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Therapy/Counseling Misperceptions

Counseling is only for people who have severe emotional problems.
Yes, counseling can help people with severe emotional problems. However, students seek counseling for a broad range of issues that may include personal development, stress management or life circumstance problems. Please refer to the list of Common Counseling Issues that are addressed at the Counseling Center.

Someone will find out.
All counseling services are confidential. The Counseling Center will not release information about students to family members, potential employers, or government agencies without a student's written permission except where required by law, as required to protect the student or others from physical danger, or upon court order. No record of counseling is contained in any academic, educational, or job placement file.

My problems are too small/big for the counselor to help me.
The counselor is sensitive to the fact that any problem you are experiencing is important to you and is subjectively distressing to you. Every student gets the same attention and care regardless of what the problem is. Depending on the type or severity of the problem, counseling can be very brief or take place over a period of time.

Only weak people need counseling.
There is nothing weak about participating in counseling. In fact, entering counseling can be the first step in confronting and solving difficulties, which is, in fact, a courageous thing to do.

The counselor will tell you what to do and how to “fix” your problems.
Counseling is not a “quick fix” to your problems. The counselor is there to help you explore your feelings, thoughts, and concerns, learn more about yourself, examine your options, overcome obstacles, and achieve your goals. This is a process that takes time and the counselor is there to facilitate the process of change.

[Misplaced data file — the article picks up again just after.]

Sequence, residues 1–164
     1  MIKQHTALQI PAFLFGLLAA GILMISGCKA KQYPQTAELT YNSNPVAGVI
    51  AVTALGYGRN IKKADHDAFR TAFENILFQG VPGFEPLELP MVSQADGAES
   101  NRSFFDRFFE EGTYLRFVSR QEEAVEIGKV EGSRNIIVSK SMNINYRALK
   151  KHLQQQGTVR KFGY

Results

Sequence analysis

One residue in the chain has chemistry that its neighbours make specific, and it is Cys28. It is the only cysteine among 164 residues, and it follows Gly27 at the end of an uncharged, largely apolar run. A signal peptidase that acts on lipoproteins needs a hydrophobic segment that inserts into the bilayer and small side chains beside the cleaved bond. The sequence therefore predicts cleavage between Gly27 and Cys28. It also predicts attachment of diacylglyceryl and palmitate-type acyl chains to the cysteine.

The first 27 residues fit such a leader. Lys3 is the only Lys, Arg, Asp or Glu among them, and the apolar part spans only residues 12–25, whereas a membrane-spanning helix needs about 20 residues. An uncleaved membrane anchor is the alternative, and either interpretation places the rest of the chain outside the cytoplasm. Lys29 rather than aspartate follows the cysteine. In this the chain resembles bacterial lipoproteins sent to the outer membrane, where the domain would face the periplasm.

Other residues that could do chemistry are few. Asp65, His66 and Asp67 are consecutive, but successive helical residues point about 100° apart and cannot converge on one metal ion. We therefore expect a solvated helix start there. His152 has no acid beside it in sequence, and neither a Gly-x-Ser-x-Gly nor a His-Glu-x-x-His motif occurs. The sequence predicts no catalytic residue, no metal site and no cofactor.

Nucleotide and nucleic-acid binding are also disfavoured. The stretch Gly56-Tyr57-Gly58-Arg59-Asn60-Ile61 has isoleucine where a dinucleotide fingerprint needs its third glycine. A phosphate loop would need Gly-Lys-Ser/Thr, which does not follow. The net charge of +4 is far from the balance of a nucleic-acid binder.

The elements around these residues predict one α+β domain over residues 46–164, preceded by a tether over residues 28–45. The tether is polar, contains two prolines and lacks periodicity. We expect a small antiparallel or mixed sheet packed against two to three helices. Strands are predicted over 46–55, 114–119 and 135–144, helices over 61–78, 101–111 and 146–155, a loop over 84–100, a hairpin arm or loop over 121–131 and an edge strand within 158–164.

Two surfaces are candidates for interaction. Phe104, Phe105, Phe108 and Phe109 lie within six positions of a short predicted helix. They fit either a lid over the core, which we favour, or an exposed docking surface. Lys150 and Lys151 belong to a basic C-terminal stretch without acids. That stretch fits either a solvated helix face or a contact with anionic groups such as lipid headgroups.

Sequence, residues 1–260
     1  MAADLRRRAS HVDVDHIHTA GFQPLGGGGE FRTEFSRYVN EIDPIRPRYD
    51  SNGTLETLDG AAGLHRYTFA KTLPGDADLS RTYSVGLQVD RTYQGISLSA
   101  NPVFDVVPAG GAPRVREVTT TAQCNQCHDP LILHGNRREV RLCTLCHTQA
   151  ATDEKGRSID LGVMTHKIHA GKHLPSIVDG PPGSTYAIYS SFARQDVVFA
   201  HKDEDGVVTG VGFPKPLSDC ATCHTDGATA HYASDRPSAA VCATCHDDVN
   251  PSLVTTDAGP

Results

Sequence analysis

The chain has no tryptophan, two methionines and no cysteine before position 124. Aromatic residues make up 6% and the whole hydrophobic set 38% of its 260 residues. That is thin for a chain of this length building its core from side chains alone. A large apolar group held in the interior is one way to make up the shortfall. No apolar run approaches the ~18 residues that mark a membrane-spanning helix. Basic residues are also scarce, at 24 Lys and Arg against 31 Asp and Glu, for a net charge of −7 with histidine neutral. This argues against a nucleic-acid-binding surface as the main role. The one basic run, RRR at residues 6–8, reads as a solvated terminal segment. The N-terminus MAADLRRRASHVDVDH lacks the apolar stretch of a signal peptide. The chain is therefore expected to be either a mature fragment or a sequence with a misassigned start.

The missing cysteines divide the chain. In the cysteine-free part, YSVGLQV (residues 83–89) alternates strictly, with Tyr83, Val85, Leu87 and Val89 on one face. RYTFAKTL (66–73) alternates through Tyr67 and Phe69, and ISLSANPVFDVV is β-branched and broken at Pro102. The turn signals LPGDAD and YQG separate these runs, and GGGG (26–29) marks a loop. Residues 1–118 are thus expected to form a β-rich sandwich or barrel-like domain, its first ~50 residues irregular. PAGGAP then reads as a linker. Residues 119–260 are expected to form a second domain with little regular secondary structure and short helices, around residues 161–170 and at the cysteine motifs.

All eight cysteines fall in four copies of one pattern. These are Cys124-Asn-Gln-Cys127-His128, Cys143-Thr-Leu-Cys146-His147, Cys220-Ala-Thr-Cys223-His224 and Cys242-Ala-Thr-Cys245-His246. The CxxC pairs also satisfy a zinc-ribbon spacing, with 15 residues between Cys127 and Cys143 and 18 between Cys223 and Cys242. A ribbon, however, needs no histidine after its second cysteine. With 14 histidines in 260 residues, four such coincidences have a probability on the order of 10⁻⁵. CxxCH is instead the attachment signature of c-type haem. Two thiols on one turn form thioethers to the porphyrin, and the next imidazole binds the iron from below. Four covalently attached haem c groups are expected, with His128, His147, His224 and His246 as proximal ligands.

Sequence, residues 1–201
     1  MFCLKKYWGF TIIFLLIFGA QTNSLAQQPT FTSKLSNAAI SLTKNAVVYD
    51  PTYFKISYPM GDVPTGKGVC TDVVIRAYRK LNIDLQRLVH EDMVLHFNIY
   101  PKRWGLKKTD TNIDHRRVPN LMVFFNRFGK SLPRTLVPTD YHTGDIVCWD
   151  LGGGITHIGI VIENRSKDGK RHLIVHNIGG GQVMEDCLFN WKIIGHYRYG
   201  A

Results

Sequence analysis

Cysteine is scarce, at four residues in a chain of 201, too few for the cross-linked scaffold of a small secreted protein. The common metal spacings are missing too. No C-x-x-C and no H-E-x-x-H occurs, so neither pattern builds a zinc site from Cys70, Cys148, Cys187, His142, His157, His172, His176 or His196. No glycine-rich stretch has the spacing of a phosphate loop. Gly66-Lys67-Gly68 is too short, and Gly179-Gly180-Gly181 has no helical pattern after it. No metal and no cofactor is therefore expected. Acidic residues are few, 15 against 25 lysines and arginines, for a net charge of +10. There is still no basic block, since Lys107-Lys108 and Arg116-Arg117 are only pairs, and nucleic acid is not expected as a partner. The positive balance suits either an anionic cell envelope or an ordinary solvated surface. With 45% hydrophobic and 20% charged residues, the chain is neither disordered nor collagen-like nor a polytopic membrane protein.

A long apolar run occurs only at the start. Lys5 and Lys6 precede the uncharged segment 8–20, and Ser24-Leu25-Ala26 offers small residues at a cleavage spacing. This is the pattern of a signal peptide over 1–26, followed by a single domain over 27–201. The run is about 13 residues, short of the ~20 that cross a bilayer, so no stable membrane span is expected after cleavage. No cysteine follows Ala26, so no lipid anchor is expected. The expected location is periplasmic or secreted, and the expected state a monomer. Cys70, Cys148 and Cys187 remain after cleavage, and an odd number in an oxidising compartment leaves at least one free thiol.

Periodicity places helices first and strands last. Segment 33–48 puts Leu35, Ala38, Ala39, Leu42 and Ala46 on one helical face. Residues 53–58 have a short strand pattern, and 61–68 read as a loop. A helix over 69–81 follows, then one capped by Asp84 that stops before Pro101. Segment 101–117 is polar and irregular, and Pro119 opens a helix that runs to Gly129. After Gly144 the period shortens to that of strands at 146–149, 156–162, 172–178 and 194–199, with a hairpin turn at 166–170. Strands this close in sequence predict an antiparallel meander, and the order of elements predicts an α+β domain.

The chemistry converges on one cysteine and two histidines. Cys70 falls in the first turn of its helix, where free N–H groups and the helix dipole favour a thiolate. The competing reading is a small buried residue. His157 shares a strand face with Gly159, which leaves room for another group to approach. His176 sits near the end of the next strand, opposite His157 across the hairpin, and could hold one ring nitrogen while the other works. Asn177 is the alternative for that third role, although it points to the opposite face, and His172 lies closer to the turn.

The counselor can’t understand you unless she/he has had similar experiences or is from the same background.
Counselors are trained to be sensitive to and respectful and valuing of diversity including individual differences related to gender, race/ethnicity, religion, age, sexual orientation, and socioeconomic status. Your counselor may not have had the same experiences as you, but she/he work empathically from your unique cultural background to help you figure out how you want to handle different aspects of your life.

If I go to see the counselor, my chances for obtaining a certain job will be hindered.
Counseling is confidential and we will not provide any information about you to a prospective employer without your written permission and consent. Background Checks: Some employers and government agencies as part of background checks for employment or co-op placements request or even require applicants to sign consent forms to release information about their counseling histories. It is the policy of the Counseling Center that all requests for information accompanied by an authorization for release of information signed by the student from institutions such as the military, FBI, Peace Corps, graduate schools, employers, etc., will be handled by the Director of Clinical Services and discussed with you, if you are accessible, as well as the investigative agent prior to the release of any information.

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